the war, had they not been dusted with DDT to kill the body lice
that spread typhus.
The safety record of DDT was excellent. No human harm was ever
documented. Health records around the world showed that when malaria
incidence was controlled using DDT, populations were healthier,
infant mortality decreased, and population growth increased.
DDT banned, after such spectacular success?
The reason was given bluntly by
Alexander King, founder of the Malthusian
Club of Rome, who wrote in a
biographical essay in 1990,
"My chief quarrel with DDT in
hindsight is that it has greatly added to
The DDT battle in Africa today is still
against that Malthusian outlook expressed so bluntly by Alexander
Today, however, most of the opponents of
DDT don't openly argue that we should kill off the "surplus" people;
instead they argue that we must protect the environment, keep Africa
In the words of one Ugandan living in Toronto, writing an
open letter to Uganda's President against the use of DDT:
"Mr. President, Uganda retains
relatively pristine lakes and rivers and beautiful landscapes
that yield abundant food supplies for domestic consumption and
export. Moreover, Uganda is currently a leader in organic
farming of desirable products such as the succulent pineapples
grown in Kangulaumira in Kayunga District, and the banana in
Mukono district. By avoiding the use of pesticides and
fertilizers, Uganda is poised to break into European and North
American markets where organic food products fetch exorbitant
This market argument is expressed by DDT
opponents throughout the region: European restrictions on pesticide
residues mean that African countries will have to monitor for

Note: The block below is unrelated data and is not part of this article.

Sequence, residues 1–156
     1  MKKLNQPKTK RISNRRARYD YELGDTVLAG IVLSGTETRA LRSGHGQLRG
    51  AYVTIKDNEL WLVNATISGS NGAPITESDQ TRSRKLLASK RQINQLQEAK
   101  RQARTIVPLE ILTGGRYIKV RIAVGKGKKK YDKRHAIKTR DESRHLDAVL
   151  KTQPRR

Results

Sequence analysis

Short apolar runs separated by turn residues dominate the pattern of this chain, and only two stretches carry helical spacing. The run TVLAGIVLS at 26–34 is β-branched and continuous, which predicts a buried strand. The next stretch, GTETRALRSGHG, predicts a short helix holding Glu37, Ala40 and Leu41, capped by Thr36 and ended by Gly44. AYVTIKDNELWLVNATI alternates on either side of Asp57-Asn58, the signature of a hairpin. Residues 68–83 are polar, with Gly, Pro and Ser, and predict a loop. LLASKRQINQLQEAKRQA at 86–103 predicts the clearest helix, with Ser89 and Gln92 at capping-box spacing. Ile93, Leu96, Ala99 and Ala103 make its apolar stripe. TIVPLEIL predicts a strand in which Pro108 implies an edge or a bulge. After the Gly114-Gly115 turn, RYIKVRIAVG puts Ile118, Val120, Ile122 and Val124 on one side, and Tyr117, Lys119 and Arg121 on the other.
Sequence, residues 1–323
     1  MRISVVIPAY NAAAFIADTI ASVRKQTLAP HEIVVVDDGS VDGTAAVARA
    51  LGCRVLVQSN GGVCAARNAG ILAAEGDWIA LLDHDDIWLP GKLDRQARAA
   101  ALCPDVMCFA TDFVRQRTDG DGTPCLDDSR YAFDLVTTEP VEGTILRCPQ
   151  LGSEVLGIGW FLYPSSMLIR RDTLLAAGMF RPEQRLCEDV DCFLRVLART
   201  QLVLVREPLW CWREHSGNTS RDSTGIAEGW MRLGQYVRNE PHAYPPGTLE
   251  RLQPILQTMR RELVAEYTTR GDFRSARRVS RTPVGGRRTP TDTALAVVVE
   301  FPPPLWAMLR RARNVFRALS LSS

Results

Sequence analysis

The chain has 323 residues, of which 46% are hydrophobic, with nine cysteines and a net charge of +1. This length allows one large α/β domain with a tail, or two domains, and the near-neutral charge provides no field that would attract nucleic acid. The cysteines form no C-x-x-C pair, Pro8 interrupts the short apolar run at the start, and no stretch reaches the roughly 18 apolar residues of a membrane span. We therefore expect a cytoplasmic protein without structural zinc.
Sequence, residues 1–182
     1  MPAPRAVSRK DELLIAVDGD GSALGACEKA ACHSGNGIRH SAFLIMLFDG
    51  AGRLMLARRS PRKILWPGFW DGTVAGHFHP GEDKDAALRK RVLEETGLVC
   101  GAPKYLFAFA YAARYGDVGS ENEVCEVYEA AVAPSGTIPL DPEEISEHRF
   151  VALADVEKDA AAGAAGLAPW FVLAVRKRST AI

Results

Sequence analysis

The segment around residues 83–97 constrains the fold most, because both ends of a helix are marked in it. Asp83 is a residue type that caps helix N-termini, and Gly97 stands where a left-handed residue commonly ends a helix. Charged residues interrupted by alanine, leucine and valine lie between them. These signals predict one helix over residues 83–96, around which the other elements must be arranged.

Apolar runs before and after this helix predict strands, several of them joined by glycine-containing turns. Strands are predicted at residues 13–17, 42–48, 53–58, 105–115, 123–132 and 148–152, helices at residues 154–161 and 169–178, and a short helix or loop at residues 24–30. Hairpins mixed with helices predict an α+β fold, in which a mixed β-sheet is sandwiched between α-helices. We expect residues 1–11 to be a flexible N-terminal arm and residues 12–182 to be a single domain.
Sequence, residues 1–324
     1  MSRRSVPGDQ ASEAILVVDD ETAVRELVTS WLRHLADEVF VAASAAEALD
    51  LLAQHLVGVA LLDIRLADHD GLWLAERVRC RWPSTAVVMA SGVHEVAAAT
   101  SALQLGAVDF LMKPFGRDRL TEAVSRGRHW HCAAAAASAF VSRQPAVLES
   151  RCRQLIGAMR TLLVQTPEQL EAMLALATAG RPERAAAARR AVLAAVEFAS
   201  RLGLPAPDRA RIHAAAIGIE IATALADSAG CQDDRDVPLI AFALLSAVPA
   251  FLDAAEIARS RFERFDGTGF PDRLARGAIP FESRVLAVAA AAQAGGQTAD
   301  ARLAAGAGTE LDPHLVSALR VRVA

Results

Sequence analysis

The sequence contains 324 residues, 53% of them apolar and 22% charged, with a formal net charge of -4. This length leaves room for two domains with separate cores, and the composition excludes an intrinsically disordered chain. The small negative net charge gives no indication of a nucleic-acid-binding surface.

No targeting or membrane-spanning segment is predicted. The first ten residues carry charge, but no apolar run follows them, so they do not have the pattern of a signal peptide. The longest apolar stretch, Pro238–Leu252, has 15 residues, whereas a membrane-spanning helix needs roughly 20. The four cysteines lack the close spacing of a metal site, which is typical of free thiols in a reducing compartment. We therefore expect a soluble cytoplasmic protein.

chemical residues—and lose export markets for all kinds of exports,
including fish and tobacco, if there are DDT residues.
This argument is fallacious. The point of spraying the inside walls
of houses is that a very limited amount (2 grams per square meter)
of DDT is used in a solution that is carefully controlled. (This is
called indoor residual house spraying, or IRS.)
There is no DDT sprayed outside. As
studies have shown, the mosquito vectors that carry malaria (in
South Africa it is
Anopheles funestus) rest on the inside house
walls and bite human beings at night.
These mosquitoes either are killed by
contact with DDT on the sprayed wall, or repelled by the DDT, and do
not stay around to bite the inhabitants.
A typical malaria
victim in 1950, before DDT was widely used.
The child’s spleen is enormously enlarged,
one of the symptoms of
This latter effect is known as "excito-repellency,"
and has been shown to be a dominant way that DDT controls
malaria-bearing mosquitoes, in addition to killing them on contact.
Morally, the save-the-environment-and-forget-the-people
argument is outrageous.
The First Secretary at the Washington
Embassy of one large African nation, said,
"how can they say this when people
are dying of malaria, and we know that DDT will contain the
He recalled the 1960s, when he was
growing up in Africa, when DDT was in use and had completely wiped
out mosquitoes and malaria in his region.
"What is the human cost of not using
DDT? Look at the number of lives we are wasting. We should use
DDT until there is something better."
The history of the "Roll-Back Malaria" program, sponsored by the
World Bank, the World Health Organization, and
United Nations agencies, is proof
that right now, there is nothing better than DDT for controlling
malaria mosquitoes. (For the moment, we will leave aside the
question of drug treatment for people with malaria, and the need for
public health infrastructure.)
These organizations and other donor
groups came up with the idea of stopping malaria by promoting the
distribution of bed nets impregnated with insecticides. No insect